Let’s be clear: Allegri is not exactly the Italian Guardiola. But he’s not interested in being one, he’s always said so. He is practical, concrete, at times at extreme levels, with a hyper-conservative and wait-and-see game. Is it one of its limitations? Perhaps. But all this clashes with his career, given that his CV speaks for itself: 6 Scudetti (of which 5 with Juve), 3 Super Cups, 5 Italian Cups (never anyone like him). To this, let’s add 2 Champions League finals, lost against 2 teams – Barcelona and Real Madrid – who had very little of humanity. Other planets, other worlds. But only they prevented Allegri from sitting on the throne of Europe.

From penalties to disqualifications

Allegri returned to sit on the Juventus bench 2 years ago, after as many years of inactivity. He was no longer the Juve of Cristiano Ronaldo, Tevez, Pirlo and singing company. The players have changed, the level is still high but not comparable to what he was used to. The minimum goal? Getting to the Champions League. For reasons of prestige, but also for budgetary reasons which, in today’s football, are more important than anything.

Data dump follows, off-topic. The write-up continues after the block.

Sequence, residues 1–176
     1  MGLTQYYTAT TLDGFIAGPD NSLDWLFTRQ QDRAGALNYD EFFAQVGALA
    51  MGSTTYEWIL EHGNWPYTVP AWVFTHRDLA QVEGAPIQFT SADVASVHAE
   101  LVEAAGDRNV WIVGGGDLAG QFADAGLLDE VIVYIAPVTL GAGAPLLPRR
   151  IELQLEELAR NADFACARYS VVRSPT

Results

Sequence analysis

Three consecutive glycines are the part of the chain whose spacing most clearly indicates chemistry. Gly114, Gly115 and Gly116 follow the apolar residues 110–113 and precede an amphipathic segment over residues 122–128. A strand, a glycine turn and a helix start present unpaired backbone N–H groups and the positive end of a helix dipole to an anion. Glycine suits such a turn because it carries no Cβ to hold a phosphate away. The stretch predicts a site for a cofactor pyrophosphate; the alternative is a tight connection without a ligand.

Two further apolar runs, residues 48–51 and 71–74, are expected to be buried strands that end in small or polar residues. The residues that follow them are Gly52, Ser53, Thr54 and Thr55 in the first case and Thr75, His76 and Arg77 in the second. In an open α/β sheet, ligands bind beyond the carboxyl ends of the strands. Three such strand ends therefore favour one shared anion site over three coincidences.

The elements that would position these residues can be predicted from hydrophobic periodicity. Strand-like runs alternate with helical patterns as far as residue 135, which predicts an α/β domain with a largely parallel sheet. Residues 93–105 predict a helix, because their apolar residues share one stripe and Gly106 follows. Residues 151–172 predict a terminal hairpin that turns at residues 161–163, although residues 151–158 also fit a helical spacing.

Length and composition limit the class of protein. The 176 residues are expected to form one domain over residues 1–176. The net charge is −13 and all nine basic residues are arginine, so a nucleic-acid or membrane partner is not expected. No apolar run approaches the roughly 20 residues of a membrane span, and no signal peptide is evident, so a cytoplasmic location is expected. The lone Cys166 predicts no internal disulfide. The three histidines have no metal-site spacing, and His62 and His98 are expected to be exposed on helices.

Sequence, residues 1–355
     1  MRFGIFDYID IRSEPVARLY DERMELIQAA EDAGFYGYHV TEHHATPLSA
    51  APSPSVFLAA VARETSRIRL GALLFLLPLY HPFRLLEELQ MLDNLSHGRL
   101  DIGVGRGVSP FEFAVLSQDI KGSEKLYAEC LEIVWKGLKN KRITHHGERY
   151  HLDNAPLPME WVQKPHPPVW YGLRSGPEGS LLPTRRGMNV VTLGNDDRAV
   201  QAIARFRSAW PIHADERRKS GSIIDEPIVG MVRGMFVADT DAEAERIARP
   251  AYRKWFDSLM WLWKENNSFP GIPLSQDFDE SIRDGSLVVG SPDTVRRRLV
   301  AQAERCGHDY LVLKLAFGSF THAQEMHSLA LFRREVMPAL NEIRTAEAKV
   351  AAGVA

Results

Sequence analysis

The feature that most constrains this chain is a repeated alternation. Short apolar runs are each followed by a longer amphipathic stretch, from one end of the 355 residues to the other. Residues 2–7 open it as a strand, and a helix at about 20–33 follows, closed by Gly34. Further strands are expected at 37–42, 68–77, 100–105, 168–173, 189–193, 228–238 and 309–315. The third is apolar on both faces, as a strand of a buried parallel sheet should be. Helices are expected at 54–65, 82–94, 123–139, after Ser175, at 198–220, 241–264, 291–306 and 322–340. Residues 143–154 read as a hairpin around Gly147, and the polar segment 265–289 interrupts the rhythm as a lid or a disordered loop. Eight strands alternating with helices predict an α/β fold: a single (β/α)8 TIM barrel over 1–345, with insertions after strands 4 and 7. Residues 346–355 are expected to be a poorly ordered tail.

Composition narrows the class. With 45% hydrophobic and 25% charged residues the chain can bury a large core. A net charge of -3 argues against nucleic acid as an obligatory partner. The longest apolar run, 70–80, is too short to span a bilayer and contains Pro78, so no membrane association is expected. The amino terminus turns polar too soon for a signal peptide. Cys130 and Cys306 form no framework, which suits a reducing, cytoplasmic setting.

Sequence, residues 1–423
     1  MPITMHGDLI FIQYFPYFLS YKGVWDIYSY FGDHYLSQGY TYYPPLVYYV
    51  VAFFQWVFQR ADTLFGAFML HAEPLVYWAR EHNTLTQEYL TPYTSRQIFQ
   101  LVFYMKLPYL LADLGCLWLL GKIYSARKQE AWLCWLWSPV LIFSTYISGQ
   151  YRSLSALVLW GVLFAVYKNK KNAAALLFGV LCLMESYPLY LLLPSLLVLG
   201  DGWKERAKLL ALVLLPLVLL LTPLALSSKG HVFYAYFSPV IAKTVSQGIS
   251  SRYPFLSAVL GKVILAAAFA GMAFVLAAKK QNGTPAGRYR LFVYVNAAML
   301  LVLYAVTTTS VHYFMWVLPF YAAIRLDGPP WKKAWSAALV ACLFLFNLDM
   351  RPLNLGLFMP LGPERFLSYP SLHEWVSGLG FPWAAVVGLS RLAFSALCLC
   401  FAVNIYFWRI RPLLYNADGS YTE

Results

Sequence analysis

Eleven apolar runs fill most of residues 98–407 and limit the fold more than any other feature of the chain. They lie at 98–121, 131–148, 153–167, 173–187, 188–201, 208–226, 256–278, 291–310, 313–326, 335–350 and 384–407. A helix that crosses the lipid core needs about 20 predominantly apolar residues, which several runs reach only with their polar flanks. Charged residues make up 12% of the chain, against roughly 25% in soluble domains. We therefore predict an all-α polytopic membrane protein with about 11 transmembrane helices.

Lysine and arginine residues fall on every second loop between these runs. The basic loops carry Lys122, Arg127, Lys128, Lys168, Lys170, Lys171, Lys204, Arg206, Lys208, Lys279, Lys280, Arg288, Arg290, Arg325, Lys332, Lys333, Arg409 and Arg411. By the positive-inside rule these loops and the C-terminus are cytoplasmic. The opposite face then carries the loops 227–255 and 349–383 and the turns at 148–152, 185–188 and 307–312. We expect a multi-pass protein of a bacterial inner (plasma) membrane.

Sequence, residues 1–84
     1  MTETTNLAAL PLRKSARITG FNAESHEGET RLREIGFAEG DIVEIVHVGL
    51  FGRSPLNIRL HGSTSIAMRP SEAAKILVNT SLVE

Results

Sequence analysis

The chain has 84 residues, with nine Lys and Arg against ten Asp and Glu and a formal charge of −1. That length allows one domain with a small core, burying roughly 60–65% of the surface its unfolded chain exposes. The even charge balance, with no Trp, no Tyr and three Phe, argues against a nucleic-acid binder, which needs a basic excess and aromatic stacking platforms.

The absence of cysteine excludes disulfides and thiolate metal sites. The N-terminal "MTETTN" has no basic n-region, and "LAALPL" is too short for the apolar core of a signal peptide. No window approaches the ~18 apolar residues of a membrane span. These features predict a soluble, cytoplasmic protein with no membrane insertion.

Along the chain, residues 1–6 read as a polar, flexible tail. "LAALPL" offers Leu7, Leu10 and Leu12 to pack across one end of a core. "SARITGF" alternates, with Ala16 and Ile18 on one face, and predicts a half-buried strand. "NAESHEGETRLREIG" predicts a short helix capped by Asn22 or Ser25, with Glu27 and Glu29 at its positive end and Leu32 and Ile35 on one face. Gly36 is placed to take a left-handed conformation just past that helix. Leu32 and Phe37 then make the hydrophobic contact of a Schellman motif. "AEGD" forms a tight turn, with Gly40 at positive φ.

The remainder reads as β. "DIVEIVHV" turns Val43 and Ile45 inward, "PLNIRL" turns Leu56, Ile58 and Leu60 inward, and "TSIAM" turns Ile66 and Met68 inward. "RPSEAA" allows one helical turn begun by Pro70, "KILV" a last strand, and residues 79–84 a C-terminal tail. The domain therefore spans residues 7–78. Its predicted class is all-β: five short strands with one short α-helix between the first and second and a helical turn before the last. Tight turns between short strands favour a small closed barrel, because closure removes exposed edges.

Allegri has to deal with sporting earthquakes inside his home. Last year, the Sports Justice imposed a 10-point penalty on Juventus, due to the Prisma investigation linked to the alleged false capital gains. Many, many, which force Juve to slip from second to seventh place. Whose position, for the record, means Conference League (a cup that Juve will never play, given that UEFA will disqualify them from European competitions shortly afterwards). But, without those points taken away, Juve would have finished the championship in third place, equal to Inter. On the field, therefore, Allegri was right.

But that is not all. The worst thing came this season, due to the betting scandal that hit Italian football like a storm. Storm which, among others, also hit Juventus, given the maxi-disqualification imposed on Nicolò Fagioli, a young and talented midfielder. To this, let’s also add the 4-year ban imposed on Pogba for doping. Any other coach would have easily lost control of the situation. Almost all of them, but not Allegri, who has plenty of experience. And, in difficulty, he emerges. Here too, the news is clear: Juventus won the Champions League and managed to lift a trophy, the Italian Cup, 3 years later.